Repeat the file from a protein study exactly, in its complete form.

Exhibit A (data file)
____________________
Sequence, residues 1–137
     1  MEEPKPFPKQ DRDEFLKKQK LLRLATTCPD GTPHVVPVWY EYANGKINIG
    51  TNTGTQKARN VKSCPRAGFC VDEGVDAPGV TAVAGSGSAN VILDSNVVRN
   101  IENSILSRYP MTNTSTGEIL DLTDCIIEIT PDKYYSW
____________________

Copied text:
Sequence, residues 1–137
     1  MEEPKPFPKQ DRDEFLKKQK LLRLATTCPD GTPHVVPVWY EYANGKINIG
    51  TNTGTQKARN VKSCPRAGFC VDEGVDAPGV TAVAGSGSAN VILDSNVVRN
   101  IENSILSRYP MTNTSTGEIL DLTDCIIEIT PDKYYSW